Against a backdrop of declining interest in French stocks on the part of French individual investors (less than 30% of shareholders), the AMF has revived an erstwhile working group charged with the task of producing recommendations for legal modifications to “protect our companies against creeping takeovers”.
Has last summer’s “Poupart Lafarge report” already been swept under the carpet? It is true that investors had an extremely hard job ensuring that their wishes, and not just those of the companies they invest in, were taken into consideration, as those very companies tended to turn a deaf ear to their shareholders, as if they regarded them as mere fund providers rather than joint owners by virtue of their stake in the company.
Once again in France, we are trying to find solutions to a problem caused by previous solutions running in the opposite direction! What actually are we talking about here?
We cannot really be surprised at the lukewarm interest in equities shown by the French, when for the last 30 years we have been encouraging them to invest in government bonds and the Livret A passbook savings account (check out the latest measures adopted in this respect), when equity investments are taxed much higher than investment in property or works of art (zero tax), when the only pension fund currently in existence is the civil servants fund (PREFON), and when this type of fund is prohibited for company employees but companies are lambasted for seeking merely their own profit …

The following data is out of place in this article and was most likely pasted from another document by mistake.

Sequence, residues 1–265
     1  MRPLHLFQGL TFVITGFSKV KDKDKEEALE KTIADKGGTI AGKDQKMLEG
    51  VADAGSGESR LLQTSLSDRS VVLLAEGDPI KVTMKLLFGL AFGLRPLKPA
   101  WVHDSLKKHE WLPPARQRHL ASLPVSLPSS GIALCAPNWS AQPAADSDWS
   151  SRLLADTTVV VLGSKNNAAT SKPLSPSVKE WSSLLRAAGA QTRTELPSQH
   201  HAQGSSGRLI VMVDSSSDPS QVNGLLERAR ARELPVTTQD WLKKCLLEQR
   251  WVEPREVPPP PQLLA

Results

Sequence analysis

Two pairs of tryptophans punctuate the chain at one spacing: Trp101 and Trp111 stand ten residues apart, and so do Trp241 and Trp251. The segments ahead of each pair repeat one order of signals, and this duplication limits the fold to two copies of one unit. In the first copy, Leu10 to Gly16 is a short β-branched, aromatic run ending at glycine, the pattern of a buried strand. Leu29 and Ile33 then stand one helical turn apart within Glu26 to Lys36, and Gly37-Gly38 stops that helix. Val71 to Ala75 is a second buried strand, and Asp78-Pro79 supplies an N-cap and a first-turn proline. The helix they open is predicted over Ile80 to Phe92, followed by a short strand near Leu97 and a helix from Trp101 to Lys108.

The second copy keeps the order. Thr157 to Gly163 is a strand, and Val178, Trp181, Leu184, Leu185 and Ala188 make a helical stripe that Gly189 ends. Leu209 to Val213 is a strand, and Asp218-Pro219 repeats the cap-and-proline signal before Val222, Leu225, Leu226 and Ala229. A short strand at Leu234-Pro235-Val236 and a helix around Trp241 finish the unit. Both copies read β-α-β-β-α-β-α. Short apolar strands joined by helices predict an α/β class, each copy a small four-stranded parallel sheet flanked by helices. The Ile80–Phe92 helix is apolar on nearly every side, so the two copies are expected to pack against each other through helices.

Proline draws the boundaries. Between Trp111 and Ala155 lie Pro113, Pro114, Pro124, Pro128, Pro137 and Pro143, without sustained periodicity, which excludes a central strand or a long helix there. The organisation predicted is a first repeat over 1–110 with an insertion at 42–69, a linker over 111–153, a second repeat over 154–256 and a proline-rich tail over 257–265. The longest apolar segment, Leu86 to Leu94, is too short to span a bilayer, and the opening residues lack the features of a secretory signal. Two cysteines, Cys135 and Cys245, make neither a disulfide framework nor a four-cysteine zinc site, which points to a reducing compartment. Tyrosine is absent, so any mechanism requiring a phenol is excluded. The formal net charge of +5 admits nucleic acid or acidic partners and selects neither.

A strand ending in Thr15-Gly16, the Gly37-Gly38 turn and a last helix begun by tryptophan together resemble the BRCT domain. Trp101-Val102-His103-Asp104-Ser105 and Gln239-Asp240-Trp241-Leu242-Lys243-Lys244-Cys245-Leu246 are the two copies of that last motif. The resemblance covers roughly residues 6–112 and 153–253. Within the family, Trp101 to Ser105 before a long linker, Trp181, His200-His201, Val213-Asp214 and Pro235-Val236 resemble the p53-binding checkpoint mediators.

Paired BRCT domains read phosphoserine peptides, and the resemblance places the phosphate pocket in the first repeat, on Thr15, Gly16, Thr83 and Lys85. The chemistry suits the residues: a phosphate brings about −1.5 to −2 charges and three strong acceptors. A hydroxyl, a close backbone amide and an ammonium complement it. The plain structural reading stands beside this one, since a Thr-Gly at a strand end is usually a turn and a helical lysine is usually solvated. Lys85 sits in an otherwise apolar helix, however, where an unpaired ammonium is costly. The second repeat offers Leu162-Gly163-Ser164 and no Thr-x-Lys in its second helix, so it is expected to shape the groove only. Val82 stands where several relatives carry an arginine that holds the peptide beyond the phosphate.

How can we expect international investors to buy shares in companies that fail to comply with internationally accepted corporate governance standards just because they are French, and therefore entitled to special treatment?
Our businesses are badly in need of long-term shareholders, both French and international. Real changes in the legislation are needed in order to encourage French people to invest in equities and promote corporate governance of the highest calibre so as to attract foreign investment. If some “tweaking” is required in view of the “special situation”, this must be done in consultation with investors, so that their expectations are heeded, and without fundamentally altering the basis of our legal system, recognised today as one of the most advanced systems in the world in terms of respect for shareholder rights.
If we ignore these two fundamental principles, we could find ourselves in dire straits in a few years’ time, with no more long-term shareholders and hardly any of them French… is that what we want?
Olivier de Guerre, Chairman of PhiTrust Active Investors